Patients will take residency in the clinic for an average of three months, are withdrawn from their drug of choice and administered substitutes by doctors if needed, go through group therapy and follow a 12 step programme in which they acknowledge they have a problem – the hallmark of the treatment – receive personal counselling, listen to lectures and are encouraged to take up yoga and go for walks in the evenings. Meanwhile the patient’s family is also counselled.

The biggest hurdle to getting treatment, Dr Sadaqat explains, is unwillingness on the patient’s part: not for fear of being caught, but denial that he has a problem or that he can solve the problem by himself. About 90% of the patients in his clinics are brought in by their families. He believes that family support is vital to the rehabilitation of an addict and advocates “tough-love” the clinic counsels families on how to prepare their loved-ones for admission into the hospital. Once the patient has been brought in, he will sign an agreement stating that he consents to admission and that if later he wants to leave, he shouldnn’t be allowed to.

Almost all Sadaqat clinics patients are Muslim and over 90% are men, 30-60 years of age from highly educated and elite backgrounds. Dr Sadaqat says that a lot of alcoholics are “top-notch achievers” bureaucrats, businessmen “who know the pleasure of success” and turn to alcohol. This latter demographic is a function of the cost of treatment at the clinics: they don’t do pro-bono cases and the treatment for three months of a middle class patient at the Lahore Sabzbagh Clinic is about Rs 90,000, including meals, room and medicines. Treatment at the flagship Lahore Willing Ways clinic, which only employs postgraduate doctors, psychiatrists and psychologists, is a lot more expensive, but Dr Sadaqat isn’t willing to disclose the exact cost. He says alcoholics in his clinics tend to be older than heroin addicts, mostly men aged between 15-30, and who are yet to achieve glory.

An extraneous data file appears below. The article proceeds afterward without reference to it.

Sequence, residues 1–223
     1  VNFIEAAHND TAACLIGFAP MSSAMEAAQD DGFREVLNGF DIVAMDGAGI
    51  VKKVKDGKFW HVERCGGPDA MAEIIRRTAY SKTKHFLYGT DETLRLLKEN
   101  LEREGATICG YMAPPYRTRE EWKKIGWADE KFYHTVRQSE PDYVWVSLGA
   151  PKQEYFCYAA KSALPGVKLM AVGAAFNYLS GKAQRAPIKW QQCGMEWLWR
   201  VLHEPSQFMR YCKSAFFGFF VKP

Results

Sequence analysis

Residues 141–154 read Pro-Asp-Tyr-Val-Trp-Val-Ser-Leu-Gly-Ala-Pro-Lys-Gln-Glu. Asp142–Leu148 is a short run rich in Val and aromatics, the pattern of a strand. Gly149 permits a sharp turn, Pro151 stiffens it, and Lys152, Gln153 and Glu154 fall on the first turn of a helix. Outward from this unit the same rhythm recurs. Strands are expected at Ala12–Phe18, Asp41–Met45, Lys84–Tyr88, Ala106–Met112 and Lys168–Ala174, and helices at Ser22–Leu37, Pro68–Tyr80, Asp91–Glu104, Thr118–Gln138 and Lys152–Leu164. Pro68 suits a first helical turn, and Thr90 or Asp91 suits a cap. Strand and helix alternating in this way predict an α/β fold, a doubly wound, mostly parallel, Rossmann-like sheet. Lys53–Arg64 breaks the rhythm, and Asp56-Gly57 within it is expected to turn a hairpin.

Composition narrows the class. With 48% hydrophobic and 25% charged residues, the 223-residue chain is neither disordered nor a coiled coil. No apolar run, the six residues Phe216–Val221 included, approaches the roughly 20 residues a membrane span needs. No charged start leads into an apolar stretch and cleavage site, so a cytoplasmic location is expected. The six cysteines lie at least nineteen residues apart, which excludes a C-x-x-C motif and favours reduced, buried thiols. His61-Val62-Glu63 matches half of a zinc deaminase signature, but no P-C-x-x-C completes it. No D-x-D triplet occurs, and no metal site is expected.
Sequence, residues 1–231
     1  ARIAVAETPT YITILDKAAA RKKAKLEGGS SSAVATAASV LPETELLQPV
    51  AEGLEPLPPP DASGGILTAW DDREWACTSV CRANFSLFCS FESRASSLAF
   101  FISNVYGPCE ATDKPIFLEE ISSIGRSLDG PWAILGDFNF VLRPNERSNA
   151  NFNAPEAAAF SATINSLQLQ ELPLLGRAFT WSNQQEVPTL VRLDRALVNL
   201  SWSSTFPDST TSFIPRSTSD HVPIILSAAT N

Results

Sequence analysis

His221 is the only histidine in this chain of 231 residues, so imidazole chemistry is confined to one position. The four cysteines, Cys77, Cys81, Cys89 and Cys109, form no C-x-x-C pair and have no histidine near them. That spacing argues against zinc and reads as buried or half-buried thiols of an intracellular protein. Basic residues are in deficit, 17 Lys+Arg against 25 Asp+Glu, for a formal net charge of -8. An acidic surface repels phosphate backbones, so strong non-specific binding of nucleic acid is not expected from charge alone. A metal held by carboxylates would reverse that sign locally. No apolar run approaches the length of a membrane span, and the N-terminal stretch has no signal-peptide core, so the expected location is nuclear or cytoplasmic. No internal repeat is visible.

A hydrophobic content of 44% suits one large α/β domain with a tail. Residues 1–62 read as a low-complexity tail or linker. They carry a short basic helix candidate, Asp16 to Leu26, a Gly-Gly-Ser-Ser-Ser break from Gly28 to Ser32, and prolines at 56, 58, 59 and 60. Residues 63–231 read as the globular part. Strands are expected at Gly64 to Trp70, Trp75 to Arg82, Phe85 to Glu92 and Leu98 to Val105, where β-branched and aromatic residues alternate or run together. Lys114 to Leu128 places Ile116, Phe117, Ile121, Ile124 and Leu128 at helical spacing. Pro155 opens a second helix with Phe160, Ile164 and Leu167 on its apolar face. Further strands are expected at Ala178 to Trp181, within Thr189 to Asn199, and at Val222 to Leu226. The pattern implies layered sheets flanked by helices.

Dr Sadaqat claims the typical success rate of treatment centres that follow the Minnesota model: roughly 50% of patients stay sober after their first treatment and 25% more stay sober after multiple treatments. 25%, on the other hand, will continue to relapse into their addiction.

Estimates put the number of drug addicts in Pakistan at around 4-5 million, many of whom are without family support or the financial resources to pay for services offered by the Sadaqat clinics. But if the clinics are only treating 90 patients at any one time, I’m sure that there’s a good number of people who can afford his services and have the family support to back the patient. The question we should really be asking then is: why aren’t there more privately run addiction centres in Pakistan?

Alcoholism

Between 40% and 60% of alcoholism cases are related to genetic factors
Between 10-20% male drinkers abuse alcohol
The risk for alcoholism in sons of alcoholic fathers is 25% n Alcoholism reduces life expectancy by 10 to 12 years
About 10% to 35% of heavy drinkers develop alcoholic hepatitis
Even when people with alcoholism experience withdrawal symptoms, they nearly always deny the problem, leaving it to relatives to take the first steps towards encouraging treatment. Denial may be an important warning signal for alcoholism
– Excerpted from Reuters Health